Share a Story/ Shape a Future is an annual blog event to promote literacy, celebrate books, and provide resources to teachers, parents, librarians, and readers. Join us March 5th- 9th.
This year’s theme is The Culture of Reading.
This week’s hosts are:
Mon, 5 Mar: Creating a reading culture
host: Donalyn Miller @ The Book Whisperer
Tue, 6 Mar: Reading as a passport to other worlds / cultures
host: Carol Rasco @ Rasco from RIF
Wed, 7 Mar: Understanding Readers
host: Terry Doherty @ Family Bookshelf
Thu, 8 Mar: A Reading Universe
host: Terry Doherty @ Share a Story
Fri, 9 Mar: Dear Reader ...
host: Share a Story
Creating a Reading Culture at Home
Parents often ask teachers and librarians for tips on how to encourage their children to read more at home. The conditions that foster lifelong reading habits in children are remarkably robust and apply to both home and school reading. Here are some suggestions for parents who want to create a reading culture at home.
Dedicate time for reading. If we make time for what we value, we must set aside reading time each day. Set aside at least twenty minutes each day for family reading time. Each family member may read something of their choice or the family can gather for a shared read aloud.
Carry books. Add a book for every family member to your leaving the house checklist. Running errands, doctor and dental appointments, haircuts, shopping--all provide stolen opportunities to read when children (and adults) are waiting and bored.
Read aloud. For most children, sharing books with family members is their first experience with books. Reading aloud to your children, even into the teenage years, reinforces a pleasurable bond between books and family. Sharing books as a family creates memorable experiences and provides topics for discussions, too.
Provide access to books. Children should experience a “book flood,” with abundant access to a wide-range of reading material. Take children to the library, buy books as presents, and subscribe to children’s magazines.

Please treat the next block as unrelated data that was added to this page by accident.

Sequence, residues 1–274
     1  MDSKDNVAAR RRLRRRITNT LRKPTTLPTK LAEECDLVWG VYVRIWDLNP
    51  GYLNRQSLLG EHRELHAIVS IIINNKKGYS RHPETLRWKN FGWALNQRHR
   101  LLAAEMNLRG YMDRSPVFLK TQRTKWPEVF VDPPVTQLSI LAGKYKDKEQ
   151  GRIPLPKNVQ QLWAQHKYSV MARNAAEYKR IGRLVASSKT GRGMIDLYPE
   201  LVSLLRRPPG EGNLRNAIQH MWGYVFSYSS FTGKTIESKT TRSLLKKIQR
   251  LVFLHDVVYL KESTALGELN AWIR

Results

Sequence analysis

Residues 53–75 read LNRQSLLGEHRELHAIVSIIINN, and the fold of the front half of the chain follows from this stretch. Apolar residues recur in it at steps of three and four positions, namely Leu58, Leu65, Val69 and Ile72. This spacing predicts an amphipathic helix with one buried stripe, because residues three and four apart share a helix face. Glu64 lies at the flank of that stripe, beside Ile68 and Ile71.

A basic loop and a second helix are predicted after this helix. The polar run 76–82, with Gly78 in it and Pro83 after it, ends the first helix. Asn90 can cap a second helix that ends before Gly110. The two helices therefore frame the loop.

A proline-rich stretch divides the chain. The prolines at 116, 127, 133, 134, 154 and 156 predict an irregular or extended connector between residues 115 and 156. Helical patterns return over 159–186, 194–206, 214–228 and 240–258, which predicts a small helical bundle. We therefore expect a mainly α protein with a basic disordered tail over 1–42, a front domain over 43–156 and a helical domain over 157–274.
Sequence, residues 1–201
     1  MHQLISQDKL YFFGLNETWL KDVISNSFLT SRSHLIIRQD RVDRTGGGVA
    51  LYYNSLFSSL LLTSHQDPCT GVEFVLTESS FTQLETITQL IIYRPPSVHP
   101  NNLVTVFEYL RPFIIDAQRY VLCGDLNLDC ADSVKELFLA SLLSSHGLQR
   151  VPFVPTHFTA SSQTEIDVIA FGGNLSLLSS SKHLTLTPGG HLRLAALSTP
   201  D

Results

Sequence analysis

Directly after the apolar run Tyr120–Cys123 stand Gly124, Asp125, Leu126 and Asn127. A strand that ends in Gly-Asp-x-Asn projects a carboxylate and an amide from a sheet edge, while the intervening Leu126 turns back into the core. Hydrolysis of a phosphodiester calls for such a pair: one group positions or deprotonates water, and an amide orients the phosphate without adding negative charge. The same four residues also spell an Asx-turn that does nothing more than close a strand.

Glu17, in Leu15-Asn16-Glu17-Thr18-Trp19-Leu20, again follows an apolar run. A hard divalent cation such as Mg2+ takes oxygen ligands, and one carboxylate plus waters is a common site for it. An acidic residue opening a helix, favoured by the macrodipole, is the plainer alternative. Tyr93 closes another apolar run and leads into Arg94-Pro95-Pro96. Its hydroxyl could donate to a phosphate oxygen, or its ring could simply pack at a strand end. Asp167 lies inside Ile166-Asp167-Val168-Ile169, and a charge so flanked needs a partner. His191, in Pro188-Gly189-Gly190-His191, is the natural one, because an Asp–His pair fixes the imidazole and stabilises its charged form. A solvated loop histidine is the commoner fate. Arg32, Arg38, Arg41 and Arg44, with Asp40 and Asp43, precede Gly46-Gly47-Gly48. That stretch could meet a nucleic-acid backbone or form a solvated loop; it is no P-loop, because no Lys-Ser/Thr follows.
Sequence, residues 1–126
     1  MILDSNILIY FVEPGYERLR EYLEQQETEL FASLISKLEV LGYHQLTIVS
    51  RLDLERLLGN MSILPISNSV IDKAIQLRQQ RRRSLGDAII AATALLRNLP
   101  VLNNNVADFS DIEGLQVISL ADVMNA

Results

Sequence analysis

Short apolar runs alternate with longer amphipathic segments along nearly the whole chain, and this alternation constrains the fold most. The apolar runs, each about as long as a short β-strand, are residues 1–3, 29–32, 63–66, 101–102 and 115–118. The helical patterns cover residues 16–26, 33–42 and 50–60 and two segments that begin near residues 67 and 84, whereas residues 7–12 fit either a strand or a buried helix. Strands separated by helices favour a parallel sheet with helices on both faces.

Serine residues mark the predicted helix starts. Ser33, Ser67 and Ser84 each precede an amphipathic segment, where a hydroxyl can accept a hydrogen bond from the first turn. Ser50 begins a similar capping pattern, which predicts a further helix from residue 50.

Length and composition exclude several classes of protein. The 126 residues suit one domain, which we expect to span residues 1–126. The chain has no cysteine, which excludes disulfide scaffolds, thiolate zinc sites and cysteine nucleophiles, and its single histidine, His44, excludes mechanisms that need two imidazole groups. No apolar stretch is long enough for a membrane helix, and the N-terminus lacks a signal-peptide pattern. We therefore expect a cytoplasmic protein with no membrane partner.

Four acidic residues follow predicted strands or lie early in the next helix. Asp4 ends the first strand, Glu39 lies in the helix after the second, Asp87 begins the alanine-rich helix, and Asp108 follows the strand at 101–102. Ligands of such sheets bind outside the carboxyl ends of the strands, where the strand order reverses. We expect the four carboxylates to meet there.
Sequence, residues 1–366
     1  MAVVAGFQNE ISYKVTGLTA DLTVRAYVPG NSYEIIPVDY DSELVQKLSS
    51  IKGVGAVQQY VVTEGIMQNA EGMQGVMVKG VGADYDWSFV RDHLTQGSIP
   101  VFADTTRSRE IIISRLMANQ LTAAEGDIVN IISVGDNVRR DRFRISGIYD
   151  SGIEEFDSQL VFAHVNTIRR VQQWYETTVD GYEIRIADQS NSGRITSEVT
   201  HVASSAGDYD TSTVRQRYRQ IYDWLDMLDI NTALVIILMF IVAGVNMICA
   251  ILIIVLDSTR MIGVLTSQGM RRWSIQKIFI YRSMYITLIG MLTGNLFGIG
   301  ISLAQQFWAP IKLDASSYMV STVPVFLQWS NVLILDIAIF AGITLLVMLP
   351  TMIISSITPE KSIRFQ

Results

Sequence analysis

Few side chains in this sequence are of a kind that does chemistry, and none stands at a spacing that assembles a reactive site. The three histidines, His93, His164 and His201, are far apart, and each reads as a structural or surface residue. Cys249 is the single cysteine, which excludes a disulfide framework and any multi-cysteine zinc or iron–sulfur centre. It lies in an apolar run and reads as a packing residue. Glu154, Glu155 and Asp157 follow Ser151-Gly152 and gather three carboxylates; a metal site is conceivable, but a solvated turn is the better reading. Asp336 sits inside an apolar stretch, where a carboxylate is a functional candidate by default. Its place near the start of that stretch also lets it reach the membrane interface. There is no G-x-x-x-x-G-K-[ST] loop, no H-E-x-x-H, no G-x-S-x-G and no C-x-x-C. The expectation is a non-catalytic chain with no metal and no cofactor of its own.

Role model a reading life. Children mimic the behaviors we model for them. If they see adults reading daily and enjoying it, children are more likely to perceive reading as meaningful. Adults, who read and share their love of reading with children, send a powerful message that reading matters.
Allow children to choose books. Children should choose most of the books they read. Forcing children to read books that don’t interest them turns many kids off reading altogether. While you may bemoan the less than highbrow selections your child chooses to read, support his/her independence and self-direction as a reader by celebrating free choice.
Check out more suggestions for creating a reading culture from today’s guest bloggers:
Building a Reading Culture in the Secondary Classroom by Sarah Mulhern at The Reading Zone
Reading Culture and Preservice Teachers by Kristin McIlhagga at Children’s Literature Crossroads
Building a Classroom Reading Culture by Cynthia Alaniz at Teaching in Cute Shoes
Choice--Share a Story/ Shape a Future by Doris Herrman at Reading, Writing, and Chocolate
Creating a Reading Culture in Mrs. Selke’s Lair by Maria Selke at Maria’s Melange
Share a Story/ Shape a Future logo courtesy of Elizabeth Dulemba.
The opinions expressed in The Book Whisperer are strictly those of the author(s) and do not reflect the opinions or endorsement of Editorial Projects in Education, or any of its publications.